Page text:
top of page
  • Lynn K. Girvin, Esq.

Essentials of an Estate Plan

Many people feel confused about what they need to get their estate in order. Here are the essentials of a basic estate plan:

1. Will. Your Will is a legal document in which you give certain instructions to be carried out after your death. The role of an executor is to identify and gather all assets, identify all debts and potential claims against the estate, safeguard and protect assets including any real estate investments, and carry out the provisions of the Will for distribution of assets, payment of expenses, claims, taxes, and any debts, account for all services and finally, distribute the balance of the estate. In estate planning, Wills accomplish things that Revocable Trusts cannot, for example, the testator can nominate guardians for minor children and provide a vehicle for the executor to place estate property in trust.

2. Power of Attorney. A Power of Attorney is a written instrument in which one person (the “principal”) designates another (the “agent” or “attorney-in-fact”) to act on the principal’s behalf in private affairs, business, or some other legal matter. If a power of attorney is made “durable” it remains in effect after the incapacity of the principal. Generally, a durable power of attorney is only effective until the principal’s death, revocation of the power by the principal, or termination of the power by its terms.

3. Advance Health Care Directive. Health Care Directives allow you to state your wishes regarding your health care treatment. You are able name an “agent” who will carry out your wishes and give detailed instructions about what actions should be taken for your health if you are no longer able to make decisions for yourself due to illness or incapacity.

4. Trust. A Revocable Living Trust is a legal entity in which legal title and management of specified property is vested in a trustee who administers the property for the benefit of a designated beneficiary. The person creating the trust is called a Settlor and usually names himself or herself as trustee. Revocable Trusts are commonly used in California as tools for transferring a person’s property at death and managing property during periods of incapacity. On the Settlor’s death, the property is deemed owned by the Trust rather than by the client for the limited purpose of determining whether court supervision is required. The trustee, or successor trustee, then distributes the trust property as provided in the trust document. Trust assets may include real estate, stock in a closely held corporation, stocks and other securities held by brokerages, small business interests, patents and copyrights, and precious metals, valuable works of art, valuable stamp or coin collections, and other tangible assets of value.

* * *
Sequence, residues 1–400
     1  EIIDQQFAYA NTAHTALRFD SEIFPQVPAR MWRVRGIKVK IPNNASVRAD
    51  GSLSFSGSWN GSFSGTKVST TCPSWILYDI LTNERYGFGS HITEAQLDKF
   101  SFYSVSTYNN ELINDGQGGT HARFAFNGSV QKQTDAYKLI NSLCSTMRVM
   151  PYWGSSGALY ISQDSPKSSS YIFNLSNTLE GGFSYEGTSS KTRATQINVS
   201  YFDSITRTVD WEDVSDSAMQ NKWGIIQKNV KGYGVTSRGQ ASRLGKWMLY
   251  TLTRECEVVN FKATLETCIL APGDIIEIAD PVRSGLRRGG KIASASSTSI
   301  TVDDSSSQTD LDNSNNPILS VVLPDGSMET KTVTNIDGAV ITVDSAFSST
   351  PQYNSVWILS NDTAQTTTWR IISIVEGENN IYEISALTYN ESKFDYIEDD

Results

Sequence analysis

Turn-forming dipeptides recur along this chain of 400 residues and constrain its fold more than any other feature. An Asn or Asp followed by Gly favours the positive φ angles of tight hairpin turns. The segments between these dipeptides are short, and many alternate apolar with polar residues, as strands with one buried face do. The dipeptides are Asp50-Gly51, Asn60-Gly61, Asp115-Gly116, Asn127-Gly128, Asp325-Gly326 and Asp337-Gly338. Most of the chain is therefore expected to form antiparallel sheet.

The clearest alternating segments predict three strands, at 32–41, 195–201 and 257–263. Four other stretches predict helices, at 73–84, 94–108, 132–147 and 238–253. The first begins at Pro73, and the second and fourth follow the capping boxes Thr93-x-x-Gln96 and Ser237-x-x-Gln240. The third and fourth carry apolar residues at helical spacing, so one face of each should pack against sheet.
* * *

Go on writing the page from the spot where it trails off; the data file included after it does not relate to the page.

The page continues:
Most people create a Revocable Trust for the primary purpose of avoiding probate. There are two major reasons you want to avoid probate: It is time consuming and expensive. Probate is a court-administered process that typically requires the assistance of an attorney who is entitled to receive fees payable from the decedent’s estate. In California, those fees are set by statute which can be significant and not always necessary. Specifically, the fees are 4% of the first $100,000 in assets, 3% of the next $100,000, 2% of the next $800,000, and 1% of the next $15,000,000. By way of illustration, if a simple estate with $400,000 of assets (this is gross value and does not consider any debts on the property), the required fee to the attorney and executor would be $11,000 each. While the executor fees can be waived if the heirs are serving in that role, the attorney fees are likely unavoidable. Additionally, court fees and expenses are usually several thousand dollars and appraisal fees can equal as much as .1% of the value of the property.

A Trust is not the only way to avoid probate. For example, California does not require a probate proceeding if the gross estate totals less than $150,000. And other assets that transfer to your heirs automatically upon your death are not subject to the terms of your Will. These assets have a beneficiary designation and will transfer directly to recipients without going through probate. Some examples of assets that have a beneficiary designation include joint tenancy; life insurance; retirement accounts; and pay-on-death accounts (also called “POD’s” or “Totten Trusts”).

Here are some factors to consider when deciding whether to set up a Revocable Trust:

a. Substitute for Conservatorship. A Revocable Trust can serve as a substitute for conservatorship, avoiding the necessity of court proceeding and annual accountings if you become disabled. Your property can be handled by the person of your choosing and without the supervision (or protection) of the court.

b. Privacy. Unlike a Will, which is a public document, Trusts are private.

c. Transition Planning and Distribution of Assets. Revocable Trusts provide uninterrupted trust administration after your death. You have more control over how and when your assets will be distributed. Unlike other probate-avoidance devices, such as titling property jointly with right of survivorship or establishing payable on death accounts (insurance, IRAs, pensions, bank accounts), a Trust, like a Will, is more likely to preserve your intended plan of distribution.

d. Estate and Income Taxes. As a rule, Revocable Trusts are tax neutral and provide no tax savings over using a Will. If you are married however, any taxes owed at the first death can be deferred until after the death of the surviving spouse. With a Revocable Trust, the Settlor is taxed as if the Trust were not in existence. There is no requirement to obtain a taxpayer identification number or file a separate return for your trust.

If you have any questions or need help planning your estate planning your estate. Call or email me today to get started! (949) 387-8707

bottom of page